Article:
If your choice lost, remember how you would feel if the situation was reversed and were being name called or treated with disdain/disgust. People voted how they felt they needed to for their families and their future. And that might not be what you determined was right for you. Or for this country. But that's how we are built.
    We don't always agree. But we can always choose love over hate. Let's practice that today and tomorrow. That's all we can do.
    — Chrissi
  • Today, please, check in with your non-white friends, your non-Christian friends, your POC and LGBTQ+ friends. Let them know that you care, that you support them, and that you are a safe space. I don't really know what to say right now. I'm devastated. I have to raise my children during their formative years in this nation, so I'm girding my loins to be a badass bitch mother.
    — Megan
  • I just wanted to share a quick moment that speaks to the humanity of people from last night's election.
    I stood on a ladder (yes, it's true) to take a photo of a line of voters that wrapped around a church twice. A line that resulted in people waiting over two hours to vote.
    A woman came out of the church after she voted with her son.
    His name is Noah.
    He has autism.
    Apparently, she was concerned that he would not be able to wait 2-3 hours in the dark.
    That the police lights and the noise from the crowd would overwhelm him.
    Due to the kindness of people. She was allowed to jump to the head of the line into that church and cast her vote. Here is a short video from my conversation with her.
    I would ask that, regardless of your feelings about yesterdays results, that comments are civil and decent. This was a moment of kindness and I'd like to keep it that way.
  • — Jason
  • I'm choosing faith. Vibrant, bold, fierce faith that embodies what I know to be true--that kindness is powerful, that compassion is humanity, that love is a choice, that I don't know how to get to the happily ever after but that's how this ends. This election and its result shattered me. So I'm going to make a mosaic out of the best pieces.
  • — Beth
  • Part of Byron's text to our beside-herself-sobbing daughter this morning:
    "My sweet Gracie,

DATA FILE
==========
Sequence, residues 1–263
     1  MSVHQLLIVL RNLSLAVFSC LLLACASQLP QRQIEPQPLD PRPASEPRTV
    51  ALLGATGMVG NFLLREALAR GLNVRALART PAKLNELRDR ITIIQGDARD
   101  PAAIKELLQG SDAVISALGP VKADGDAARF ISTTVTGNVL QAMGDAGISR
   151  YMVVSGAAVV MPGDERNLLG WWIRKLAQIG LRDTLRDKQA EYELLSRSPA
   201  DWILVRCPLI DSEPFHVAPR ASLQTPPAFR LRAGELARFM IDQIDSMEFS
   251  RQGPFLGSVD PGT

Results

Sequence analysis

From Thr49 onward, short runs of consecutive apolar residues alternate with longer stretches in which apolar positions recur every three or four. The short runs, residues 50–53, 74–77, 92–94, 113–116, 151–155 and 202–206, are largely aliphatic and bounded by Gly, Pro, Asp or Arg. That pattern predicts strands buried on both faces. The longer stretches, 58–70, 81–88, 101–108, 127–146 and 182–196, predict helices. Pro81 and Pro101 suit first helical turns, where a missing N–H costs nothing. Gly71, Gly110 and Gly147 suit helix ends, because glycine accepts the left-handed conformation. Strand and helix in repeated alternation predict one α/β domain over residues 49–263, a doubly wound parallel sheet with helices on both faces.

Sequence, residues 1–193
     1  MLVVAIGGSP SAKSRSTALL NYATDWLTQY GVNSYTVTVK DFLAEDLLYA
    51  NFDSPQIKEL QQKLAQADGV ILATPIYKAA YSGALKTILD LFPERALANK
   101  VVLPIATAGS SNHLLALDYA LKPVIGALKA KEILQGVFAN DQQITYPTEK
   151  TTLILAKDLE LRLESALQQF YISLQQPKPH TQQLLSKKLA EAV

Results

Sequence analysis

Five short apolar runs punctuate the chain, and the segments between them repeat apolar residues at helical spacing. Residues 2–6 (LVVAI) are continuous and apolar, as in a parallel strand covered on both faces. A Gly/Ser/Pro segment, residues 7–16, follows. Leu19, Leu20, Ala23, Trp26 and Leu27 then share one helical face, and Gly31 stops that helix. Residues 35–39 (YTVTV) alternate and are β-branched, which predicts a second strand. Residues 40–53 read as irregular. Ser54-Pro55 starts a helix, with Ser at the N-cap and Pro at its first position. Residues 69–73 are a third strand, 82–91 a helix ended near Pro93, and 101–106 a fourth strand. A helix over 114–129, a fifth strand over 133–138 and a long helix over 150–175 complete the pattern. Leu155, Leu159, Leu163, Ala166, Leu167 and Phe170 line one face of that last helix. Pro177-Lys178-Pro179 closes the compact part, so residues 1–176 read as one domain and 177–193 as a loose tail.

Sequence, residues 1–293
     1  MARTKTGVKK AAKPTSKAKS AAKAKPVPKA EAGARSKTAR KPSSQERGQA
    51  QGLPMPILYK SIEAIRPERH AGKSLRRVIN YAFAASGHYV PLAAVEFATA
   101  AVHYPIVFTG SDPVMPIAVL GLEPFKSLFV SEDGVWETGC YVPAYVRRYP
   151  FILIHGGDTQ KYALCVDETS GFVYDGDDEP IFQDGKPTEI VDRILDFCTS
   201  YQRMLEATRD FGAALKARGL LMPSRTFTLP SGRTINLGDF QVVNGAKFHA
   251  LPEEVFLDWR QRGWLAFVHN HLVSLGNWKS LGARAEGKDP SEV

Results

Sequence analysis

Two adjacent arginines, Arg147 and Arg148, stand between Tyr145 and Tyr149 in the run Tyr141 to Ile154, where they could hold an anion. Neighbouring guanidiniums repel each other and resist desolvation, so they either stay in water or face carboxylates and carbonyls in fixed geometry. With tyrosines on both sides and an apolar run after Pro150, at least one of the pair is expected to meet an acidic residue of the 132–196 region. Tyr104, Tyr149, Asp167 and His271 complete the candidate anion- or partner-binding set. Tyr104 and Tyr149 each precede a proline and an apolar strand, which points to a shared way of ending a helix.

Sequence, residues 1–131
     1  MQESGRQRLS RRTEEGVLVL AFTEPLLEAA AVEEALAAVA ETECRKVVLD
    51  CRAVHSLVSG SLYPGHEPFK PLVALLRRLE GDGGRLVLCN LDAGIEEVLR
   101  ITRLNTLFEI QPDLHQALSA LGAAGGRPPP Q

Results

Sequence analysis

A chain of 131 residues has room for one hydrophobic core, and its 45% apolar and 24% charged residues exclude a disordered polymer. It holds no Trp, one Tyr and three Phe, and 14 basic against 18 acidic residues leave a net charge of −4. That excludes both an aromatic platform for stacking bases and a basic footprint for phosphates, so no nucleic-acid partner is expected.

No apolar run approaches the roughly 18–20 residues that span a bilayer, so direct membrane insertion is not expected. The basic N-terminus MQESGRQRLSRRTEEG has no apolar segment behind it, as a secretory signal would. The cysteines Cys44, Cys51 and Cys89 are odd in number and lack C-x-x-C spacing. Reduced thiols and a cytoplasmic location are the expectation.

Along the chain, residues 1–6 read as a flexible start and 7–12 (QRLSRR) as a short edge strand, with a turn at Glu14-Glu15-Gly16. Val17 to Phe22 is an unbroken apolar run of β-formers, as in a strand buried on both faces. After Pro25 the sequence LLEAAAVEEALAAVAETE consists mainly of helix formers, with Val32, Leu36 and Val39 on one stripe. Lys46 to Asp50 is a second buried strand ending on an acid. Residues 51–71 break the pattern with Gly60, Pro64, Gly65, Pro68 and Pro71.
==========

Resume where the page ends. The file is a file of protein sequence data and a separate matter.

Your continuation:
I feel so bad about the election, and I know you do too. Mommy and I were so excited for you to see a strong woman become our nation's leader, especially at this time in your life...
    Our nation has always favored white men in myriad ways, legally and culturally. The strength of our nation however is in the idea of equality and opportunity for all. These ideals are still strong. There are just many many white people who are angry that they are losing their privileged status. It is inevitable that whites lose this special status; no election can hold back the tide of change. This is a step backward in an otherwise forward trend.
    I love you so very much, please don't despair. America is better than this. We are experiencing the last furious screams of spoiled children who have been made to share their toys. Growing up is hard, even for a nation. I love you."
    — Jessica
  • If you know me well, you know I don't really put my political views out there. Chalk it up to too many years of journalism training. Here's what I want you to take away from this post: Hope. It's a word I've seen over and over again this morning, from voters on all sides. With hope, anything is possible. Remember that.
    — Amy


The Day After: Sending postcards of peace, positivity & promise


Well ... this is a 24 hours that will be remembered and written about forever.

I'm pulled simultaneously this rainy morning between the desires to read everything, curate everything, save everything for history, hug my daughter when she gets up1 ... and share messages of reassurance and hope.

I would really like to send out some Random Acts of Postcarding today. If you know someone who could use a smile, a message of hope and a bit of positivity, please send me an email — chrisottopa@gmail.com — with their snail-mail address (anywhere in the world). I'll get something out today.

We have to show that we're in this together and are there for each other. And we're not defined by our leaders. We are defined by how we treat each other, not just in America, but worldwide. On Monday, I received an email from a Russian citizen who was thanking me for the Postcrossing card that I recently sent her way. Her message:
"Many thanks for your wonderful card! No, it's not wonderful — it's amazing! And I also like the stamps (I read a lot about Lincoln) ... and I appreciate the way you wrote PEACE in Russian МИР!!! Thanks again from all Russian teachers for your warm words."